Some spring romances are doomed to fail from the start.
Signs of spring. They’re all around us right now. What comes to mind when you think of spring.
For many it’s the transformation of a brown hillside into a canopy filled with multiple shades of green.
Many recognize the transition from winter to spring by the increase in daylight seen on a daily basis.
It can be the appearance of a rainbow of color as flowers and trees begin to bloom.
The urge to swap a snow shovel for a rake and mittens for gardening gloves qualifies.
It can be a shift in the weather pattern, as days warm and precipitation changes from frozen to just liquid.
Wardrobe choices change with the seasons. Jeans are frequently replaced by shorts, tank tops and T-shirts take the place of long-sleeve shirts and stocking hats give way to ball caps.
For sports fans, such as the two I work with, it’s the return of baseball.
Those who watch wildlife know a sign of spring is when birds and animals begin to pair off. And while I’m not one who closely follows the mating patterns of birds in my neighborhood, it’s hard to step outside and not notice doves cooing and the sound of cardinals chirping as they stake out their territorial claims. As for robins, it’s interesting to watch as one male robin does his best to drive potential suitors away from his beaked beloved.
That brings me to the point of today’s column. A little after 7 a.m. last Friday the phone rang at my home.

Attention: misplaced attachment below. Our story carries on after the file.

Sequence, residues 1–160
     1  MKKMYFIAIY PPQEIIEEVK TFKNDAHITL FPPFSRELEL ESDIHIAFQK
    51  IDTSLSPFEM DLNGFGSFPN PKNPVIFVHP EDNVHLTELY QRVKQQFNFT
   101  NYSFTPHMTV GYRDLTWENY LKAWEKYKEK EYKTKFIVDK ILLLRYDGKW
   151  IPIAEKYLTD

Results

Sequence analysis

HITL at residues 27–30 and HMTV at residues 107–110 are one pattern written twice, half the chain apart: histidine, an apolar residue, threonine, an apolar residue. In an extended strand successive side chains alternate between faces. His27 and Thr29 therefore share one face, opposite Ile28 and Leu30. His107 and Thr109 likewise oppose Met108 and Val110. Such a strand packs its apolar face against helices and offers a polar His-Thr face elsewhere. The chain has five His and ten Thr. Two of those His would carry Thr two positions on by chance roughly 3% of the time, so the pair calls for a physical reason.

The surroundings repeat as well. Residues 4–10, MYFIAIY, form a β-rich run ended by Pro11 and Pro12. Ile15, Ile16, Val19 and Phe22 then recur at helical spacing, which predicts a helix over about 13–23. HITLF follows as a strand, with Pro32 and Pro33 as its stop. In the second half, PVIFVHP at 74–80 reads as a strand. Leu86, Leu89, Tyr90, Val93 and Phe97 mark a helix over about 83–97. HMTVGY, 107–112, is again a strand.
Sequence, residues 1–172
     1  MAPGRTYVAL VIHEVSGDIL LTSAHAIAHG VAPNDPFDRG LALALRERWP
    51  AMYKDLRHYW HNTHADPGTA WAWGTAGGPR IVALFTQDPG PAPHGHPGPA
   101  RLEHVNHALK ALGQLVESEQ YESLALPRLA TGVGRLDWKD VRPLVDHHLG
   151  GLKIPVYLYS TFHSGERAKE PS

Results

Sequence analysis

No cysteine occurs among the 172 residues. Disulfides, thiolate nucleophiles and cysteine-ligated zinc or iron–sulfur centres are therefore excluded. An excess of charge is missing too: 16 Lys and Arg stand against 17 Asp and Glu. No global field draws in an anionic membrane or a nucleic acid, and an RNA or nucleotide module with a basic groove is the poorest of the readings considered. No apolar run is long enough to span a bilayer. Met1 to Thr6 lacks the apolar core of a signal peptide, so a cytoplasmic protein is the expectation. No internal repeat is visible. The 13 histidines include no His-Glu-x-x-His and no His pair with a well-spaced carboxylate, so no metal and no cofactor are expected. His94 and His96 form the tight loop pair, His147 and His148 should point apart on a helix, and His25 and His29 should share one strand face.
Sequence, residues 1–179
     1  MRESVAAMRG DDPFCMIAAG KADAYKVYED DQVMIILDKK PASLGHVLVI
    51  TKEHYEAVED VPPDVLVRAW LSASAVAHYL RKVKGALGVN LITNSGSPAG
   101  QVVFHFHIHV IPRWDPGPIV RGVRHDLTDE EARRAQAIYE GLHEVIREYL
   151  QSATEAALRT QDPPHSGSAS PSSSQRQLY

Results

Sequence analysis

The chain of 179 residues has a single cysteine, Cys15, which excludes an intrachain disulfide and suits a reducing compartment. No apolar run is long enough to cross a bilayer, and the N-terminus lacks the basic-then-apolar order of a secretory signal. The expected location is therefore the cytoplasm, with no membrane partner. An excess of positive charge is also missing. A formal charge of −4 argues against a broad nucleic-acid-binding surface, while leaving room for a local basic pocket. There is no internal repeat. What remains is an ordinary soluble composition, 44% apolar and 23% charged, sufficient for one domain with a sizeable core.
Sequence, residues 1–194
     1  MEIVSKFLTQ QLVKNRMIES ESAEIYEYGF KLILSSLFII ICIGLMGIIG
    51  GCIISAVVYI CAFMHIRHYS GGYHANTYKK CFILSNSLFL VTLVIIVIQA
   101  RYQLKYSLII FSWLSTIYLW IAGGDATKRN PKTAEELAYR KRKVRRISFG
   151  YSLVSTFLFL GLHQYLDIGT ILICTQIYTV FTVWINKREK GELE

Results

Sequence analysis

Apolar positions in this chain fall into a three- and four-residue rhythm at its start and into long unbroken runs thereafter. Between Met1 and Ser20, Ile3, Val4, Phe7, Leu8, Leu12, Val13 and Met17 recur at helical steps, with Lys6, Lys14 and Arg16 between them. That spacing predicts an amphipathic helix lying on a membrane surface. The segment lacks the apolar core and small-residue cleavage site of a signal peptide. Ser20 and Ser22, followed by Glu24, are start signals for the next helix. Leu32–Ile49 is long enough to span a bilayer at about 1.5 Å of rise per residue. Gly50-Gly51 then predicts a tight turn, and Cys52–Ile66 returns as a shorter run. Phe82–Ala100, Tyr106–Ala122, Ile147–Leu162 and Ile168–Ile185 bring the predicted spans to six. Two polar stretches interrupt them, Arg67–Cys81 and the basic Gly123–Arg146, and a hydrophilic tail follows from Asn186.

Typically a call at that time of day either means something has blown up, blown over or burned down and I need to get there quickly. However, in this case it was my next door neighbor, Michelle, who wanted to give me a “news tip.”
After apologizing for the early call, Michelle encouraged me to go take a peek out my back door. She laughed as she told me what I was going to see: A robin apparently attempting to woo my four-door Buick.
Michelle shared that she and her husband, Larry, had watched the robin for approximately 30 minutes the evening before as it hopped and fluttered on the dirty car.
I opened the blinds and sure enough there was the robin. And it quickly became apparent that the bird wasn’t as interested in the car as it was in its own reflection.
It would flutter against the windshield and the car’s front-seat windows. At other times it would land on a windshield wiper and peck its image.
Thinking it would make for a fun video to post on the Courier-Post’s Web site, I broke out my camera and went out the front door in the hope of being light-footed enough that I’d be able to creep up on the love-struck robin without disturbing it. Of course the second I appeared from around the corner of my house the robin’s demeanor changed. Quicker than you could say “hey bird brain” it had left my yard.
Because I was in the process of getting ready for work, I didn’t have a lot of time to spend waiting outside for the robin to return. But almost as quickly as I went back in the house, the robin returned.
I managed to shoot a little video of it sitting on a side mirror before it went to chase off another robin that had the audacity to land two yards away.
To be honest, I’m not sure if the bird was in love with itself, or viewed its reflection as a rival. If love indeed was in the air, I wouldn’t have had the heart to tell it that it was pursuing a romance doomed to fail. And like most humans hit by Cupid’s arrow, it probably wouldn’t have listened.